“A FAULTLESS MASTERPIECE.”
(FIVE STARS) – ALAN JONES, FRIGHTFEST.
The spirit of the Italian ‘giallo’ movie genre is brought vividly to life in Amer, the dazzling debut feature from the co-writing and co-directing team of Hélène Cattet and Bruno Forzani. The winner of several international film awards, including the New Visions Award at Sitges International Film Festival and the Public’s Choice Award at Montreal Festival of New Cinema, Amer has been described as “arthouse horror at its most magnificent” (Billy Chainsaw, Bizarre), “a nightmare vision of desire and fear… gorgeous, heady, dazzling!” (The Los Angeles Times) and as a “flawless tribute to the ethereal mystique and Pop Art madness of the 70s gialli” (Alan Jones, Frightfest).
Recalling the captivating cinematic style, recurring themes and bold visual motifs seen in the works of directors such as Dario Argento, Mario Bava and Lucio Fulci, Cattet and Forzani’s highly original and visionary tribute to the Italian masters is a virtually dialogue-free, Freudian tale of sexual awakening, obsession and murder.
The story unfolds in three parts as Ana (played, respectively, by actresses Cassandra Forêt, Charlotte Eugène-Guibeaud and Marie Bos) progresses from childhood through adolescence to womanhood. For Ana, in all three stages of her life, fear, sensuality and the threat of violence are constant companions, each lurking in her mind’s eye and waiting to take physical form.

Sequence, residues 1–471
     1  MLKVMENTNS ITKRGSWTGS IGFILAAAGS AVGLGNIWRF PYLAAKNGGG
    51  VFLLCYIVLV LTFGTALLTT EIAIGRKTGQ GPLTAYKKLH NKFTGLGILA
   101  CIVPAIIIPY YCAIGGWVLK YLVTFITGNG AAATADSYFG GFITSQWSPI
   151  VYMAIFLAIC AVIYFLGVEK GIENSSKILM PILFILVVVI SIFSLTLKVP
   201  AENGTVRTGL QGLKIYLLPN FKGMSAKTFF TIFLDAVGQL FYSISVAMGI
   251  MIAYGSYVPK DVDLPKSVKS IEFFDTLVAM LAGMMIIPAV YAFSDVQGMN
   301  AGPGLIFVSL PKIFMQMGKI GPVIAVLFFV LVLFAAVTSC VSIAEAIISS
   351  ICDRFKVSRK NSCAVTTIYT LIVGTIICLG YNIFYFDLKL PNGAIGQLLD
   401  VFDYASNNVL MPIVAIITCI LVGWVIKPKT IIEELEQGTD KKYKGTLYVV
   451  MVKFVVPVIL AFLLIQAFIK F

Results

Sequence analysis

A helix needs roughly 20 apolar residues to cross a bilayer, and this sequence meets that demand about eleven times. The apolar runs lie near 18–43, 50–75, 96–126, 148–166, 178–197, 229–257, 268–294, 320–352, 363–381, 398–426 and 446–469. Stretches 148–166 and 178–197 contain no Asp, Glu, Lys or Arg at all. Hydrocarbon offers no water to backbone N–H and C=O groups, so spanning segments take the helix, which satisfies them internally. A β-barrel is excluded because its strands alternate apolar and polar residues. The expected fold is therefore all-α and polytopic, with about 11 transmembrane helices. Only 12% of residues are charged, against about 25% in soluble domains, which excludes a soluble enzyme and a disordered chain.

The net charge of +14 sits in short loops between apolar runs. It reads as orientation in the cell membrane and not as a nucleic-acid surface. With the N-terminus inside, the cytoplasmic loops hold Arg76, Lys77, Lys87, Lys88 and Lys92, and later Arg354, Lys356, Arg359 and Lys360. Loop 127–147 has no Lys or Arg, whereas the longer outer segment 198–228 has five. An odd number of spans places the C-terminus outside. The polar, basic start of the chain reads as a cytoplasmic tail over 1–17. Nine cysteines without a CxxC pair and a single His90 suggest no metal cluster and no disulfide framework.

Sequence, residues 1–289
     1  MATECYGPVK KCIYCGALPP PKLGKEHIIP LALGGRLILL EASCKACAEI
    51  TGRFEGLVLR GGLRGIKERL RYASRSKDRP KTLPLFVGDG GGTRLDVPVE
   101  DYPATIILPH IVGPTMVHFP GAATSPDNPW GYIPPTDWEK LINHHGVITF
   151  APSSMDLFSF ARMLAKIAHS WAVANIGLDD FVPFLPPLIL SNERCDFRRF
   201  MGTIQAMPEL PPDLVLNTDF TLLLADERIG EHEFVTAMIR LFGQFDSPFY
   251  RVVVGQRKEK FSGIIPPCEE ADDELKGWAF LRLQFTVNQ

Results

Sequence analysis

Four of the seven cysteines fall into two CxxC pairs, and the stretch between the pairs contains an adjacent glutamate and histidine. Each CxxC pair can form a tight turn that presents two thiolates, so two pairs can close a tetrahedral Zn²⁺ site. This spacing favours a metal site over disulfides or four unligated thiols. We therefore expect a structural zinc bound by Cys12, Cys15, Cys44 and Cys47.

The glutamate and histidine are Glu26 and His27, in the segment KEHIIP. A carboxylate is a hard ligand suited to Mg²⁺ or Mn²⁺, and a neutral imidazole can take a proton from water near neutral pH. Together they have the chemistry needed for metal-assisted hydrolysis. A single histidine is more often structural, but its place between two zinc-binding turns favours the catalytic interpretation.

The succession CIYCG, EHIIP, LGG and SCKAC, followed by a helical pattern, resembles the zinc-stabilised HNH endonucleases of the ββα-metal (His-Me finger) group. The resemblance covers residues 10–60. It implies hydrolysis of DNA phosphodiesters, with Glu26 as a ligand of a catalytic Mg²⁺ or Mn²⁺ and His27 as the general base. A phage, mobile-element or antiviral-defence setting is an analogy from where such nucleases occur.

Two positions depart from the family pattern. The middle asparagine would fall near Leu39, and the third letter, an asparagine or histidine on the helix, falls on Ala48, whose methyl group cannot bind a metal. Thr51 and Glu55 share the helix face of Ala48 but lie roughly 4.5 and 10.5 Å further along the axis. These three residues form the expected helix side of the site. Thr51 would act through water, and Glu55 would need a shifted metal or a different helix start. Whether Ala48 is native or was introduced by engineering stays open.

Scored (in ‘Tarantino style’) utilizing recycled Italian movie soundtrack music composed by Ennio Morricone, Bruno Nicolai, Adriano Celentano and Stelvio Cipriani and destined for cult status, Amer is “a succulently visual feast of horror, sex, chills and thrills” (Bizarre) and a must-see for fans of arthouse, horror and independent cinema.
Amer (cert. 18) is released by Anchor Bay Films and will open at London’s ICA cinema on 7th January 2011 with the DVD and Blu-ray following on 31st January 2011.
Hmmm, the references to Kill Bill are a bit off-putting, to be honest.
Fair point. I'm not comparing it in terms of style. I just think it does a similar thing to Kill Bill in terms of the way it uses music and references it's influences, which are different from Tarantino's film.